• Status update, October 2021

    On this dreary morning here in Amsterdam, I’ve made my cup of coffee and snuggled my cat, and so I’m pleased to share some FOSS news with you. Some cool news today! We’re preparing for a new core product launch at sr.ht, cool updates for our secret programming language, plus news for visurf.

    Simon Ser has been hard at work on expanding his soju and gamja projects for the purpose of creating a new core sourcehut product: chat.sr.ht. We’re rolling this out in a private beta at first, to seek a fuller understanding of the system’s performance characteristics, to make sure everything is well-tested and reliable, and to make plans for scaling, maintenance, and general availability. In short, chat.sr.ht is a hosted IRC bouncer which is being made available to all paid sr.ht users, and a kind of webchat gateway which will be offered to unpaid and anonymous users. I’m pretty excited about it, and looking forward to posting a more detailed announcement in a couple of weeks. In other sourcehut news, work on GraphQL continues, with paste.sr.ht landing and todo.sr.ht’s writable API in progress.

    Our programming langauge project grew some interesting features this month as well, the most notable of which is probably reflection. I wrote an earlier blog post which goes over this in some detail. There’s also ongoing work to develop the standard library’s time and date support, riscv64 support is essentially done, and we’ve overhauled the grammar for switch and match statements to reduce a level of indentation for typical code. In the coming weeks, I hope to see date/time support and reflection fleshed out much more, and to see some more development on the self-hosted compiler.

    [...]

    The goal of this project is to provide a conservative CSS toolkit which allows you to build web interfaces which are compatible with marginalized browsers like Netsurf and Lynx.

  • Monthly Report - September

    The month of September is very special to me personaly.

    Why?

    Well, I got married in the very same month 18 years ago. The best part is, I choose the day 11 to get married. I have never missed my wedding anniversary, thanks to all the TV news channel.

  • My Favorite Warnings: uninitialized | Tom Wyant [blogs.perl.org]

    This warning was touched on in A Belated Introduction, but I thought it deserved its own entry.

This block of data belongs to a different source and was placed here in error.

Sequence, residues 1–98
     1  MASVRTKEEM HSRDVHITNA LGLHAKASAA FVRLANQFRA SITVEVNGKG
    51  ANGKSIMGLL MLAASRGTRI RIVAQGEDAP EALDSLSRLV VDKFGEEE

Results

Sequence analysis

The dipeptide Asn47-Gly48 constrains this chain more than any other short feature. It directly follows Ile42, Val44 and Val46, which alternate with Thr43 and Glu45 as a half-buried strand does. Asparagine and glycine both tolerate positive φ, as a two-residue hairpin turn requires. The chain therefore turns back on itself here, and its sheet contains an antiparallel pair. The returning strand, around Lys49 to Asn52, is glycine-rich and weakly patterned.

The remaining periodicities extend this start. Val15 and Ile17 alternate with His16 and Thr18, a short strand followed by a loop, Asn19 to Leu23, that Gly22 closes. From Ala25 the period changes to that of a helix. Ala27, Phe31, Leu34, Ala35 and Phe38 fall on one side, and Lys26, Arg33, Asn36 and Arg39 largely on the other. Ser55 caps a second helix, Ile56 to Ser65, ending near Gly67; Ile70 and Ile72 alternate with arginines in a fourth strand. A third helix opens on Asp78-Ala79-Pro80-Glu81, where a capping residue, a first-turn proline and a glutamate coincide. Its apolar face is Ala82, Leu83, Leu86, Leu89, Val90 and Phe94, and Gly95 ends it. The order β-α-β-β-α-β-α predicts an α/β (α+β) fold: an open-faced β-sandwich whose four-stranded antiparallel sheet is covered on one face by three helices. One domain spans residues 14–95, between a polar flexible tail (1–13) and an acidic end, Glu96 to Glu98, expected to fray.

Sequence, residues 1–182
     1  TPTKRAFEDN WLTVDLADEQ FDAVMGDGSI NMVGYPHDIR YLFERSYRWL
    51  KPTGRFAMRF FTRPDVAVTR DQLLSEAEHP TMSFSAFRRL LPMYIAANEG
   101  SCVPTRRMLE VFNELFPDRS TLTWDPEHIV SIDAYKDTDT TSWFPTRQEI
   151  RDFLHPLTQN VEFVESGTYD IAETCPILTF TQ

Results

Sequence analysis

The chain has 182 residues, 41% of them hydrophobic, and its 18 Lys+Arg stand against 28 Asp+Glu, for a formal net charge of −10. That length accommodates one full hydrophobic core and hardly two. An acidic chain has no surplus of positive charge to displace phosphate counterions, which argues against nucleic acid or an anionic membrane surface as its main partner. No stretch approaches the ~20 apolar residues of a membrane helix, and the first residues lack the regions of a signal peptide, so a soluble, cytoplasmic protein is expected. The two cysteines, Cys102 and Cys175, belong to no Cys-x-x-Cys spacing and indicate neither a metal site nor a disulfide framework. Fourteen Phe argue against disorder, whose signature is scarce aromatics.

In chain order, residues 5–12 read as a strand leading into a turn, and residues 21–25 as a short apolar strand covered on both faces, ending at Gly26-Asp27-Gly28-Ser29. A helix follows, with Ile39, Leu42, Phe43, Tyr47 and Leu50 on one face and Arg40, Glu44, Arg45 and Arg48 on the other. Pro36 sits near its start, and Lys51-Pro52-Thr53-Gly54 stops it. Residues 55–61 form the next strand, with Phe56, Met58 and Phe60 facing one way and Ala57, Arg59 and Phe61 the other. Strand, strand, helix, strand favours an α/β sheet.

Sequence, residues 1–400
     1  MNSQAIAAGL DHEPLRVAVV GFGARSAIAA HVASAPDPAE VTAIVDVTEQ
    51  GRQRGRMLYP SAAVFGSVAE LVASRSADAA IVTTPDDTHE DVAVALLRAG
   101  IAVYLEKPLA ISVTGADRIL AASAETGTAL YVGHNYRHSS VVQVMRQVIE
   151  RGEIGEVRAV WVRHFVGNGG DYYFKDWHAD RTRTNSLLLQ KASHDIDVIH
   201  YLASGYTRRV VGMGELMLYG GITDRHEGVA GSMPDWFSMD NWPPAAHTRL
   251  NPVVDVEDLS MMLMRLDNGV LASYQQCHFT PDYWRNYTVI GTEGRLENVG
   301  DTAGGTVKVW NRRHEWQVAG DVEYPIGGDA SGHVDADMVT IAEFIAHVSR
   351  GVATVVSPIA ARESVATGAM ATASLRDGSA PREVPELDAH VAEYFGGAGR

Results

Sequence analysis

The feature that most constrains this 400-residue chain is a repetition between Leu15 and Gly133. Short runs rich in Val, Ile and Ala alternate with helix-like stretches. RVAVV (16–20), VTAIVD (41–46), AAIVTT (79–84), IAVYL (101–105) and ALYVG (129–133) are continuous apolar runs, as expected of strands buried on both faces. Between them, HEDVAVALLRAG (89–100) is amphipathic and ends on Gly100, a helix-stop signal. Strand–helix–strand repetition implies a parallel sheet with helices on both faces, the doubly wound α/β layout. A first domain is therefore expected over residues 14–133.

When a Perl scalar comes into being, be it an actual scalar variable or an array or hash entry, its value is undef. Now, the results of operating on an undef value are perfectly well-defined: in a nuneric context it is 0, in a string context it is '', and in a Boolean context it is false.

    The thing is, if you actually operate on such a value, did you mean to do it, or did you forget to initialize something, or initialize the wrong thing, or operate on the wrong thing? Because of the latter possibilities Perl will warn about such operations if the uninitialized warning is enabled.

today's leftovers

Filed under
Misc
  • CutefishOS Built on Ubuntu Run Through - Invidious

    In this video, we are looking at CutefishOS Built on Ubuntu.

  • CutefishOS Built on Ubuntu

    Today we are looking at CutefishOS Built on Ubuntu. It comes with Linux Kernel 5.11, based on Ubuntu 21.10, and uses about 900MB of ram when idling. Enjoy!

  • Google adds VM support to Anthos, admits not everyone is ready for containerised everything [Ed: Kubernetes becoming increasingly just an openwashing shim for proprietary software with back doors]

    Google has added support for workloads running in virtual machines to its Anthos hybrid Kubernetes platform.

    "While we have seen many customers make the leap to containerization, some are not quite ready to move completely off of virtual machines," wrote Google Application Modernization Platform vice-presidents Jeff Reed and Chen Goldberg.

    "They want a unified development platform where developers can build, modify, and deploy applications residing in both containers and VMs in a common, shared environment," the pair added.

  • The Dell Inspiron 15 3501 supports Linux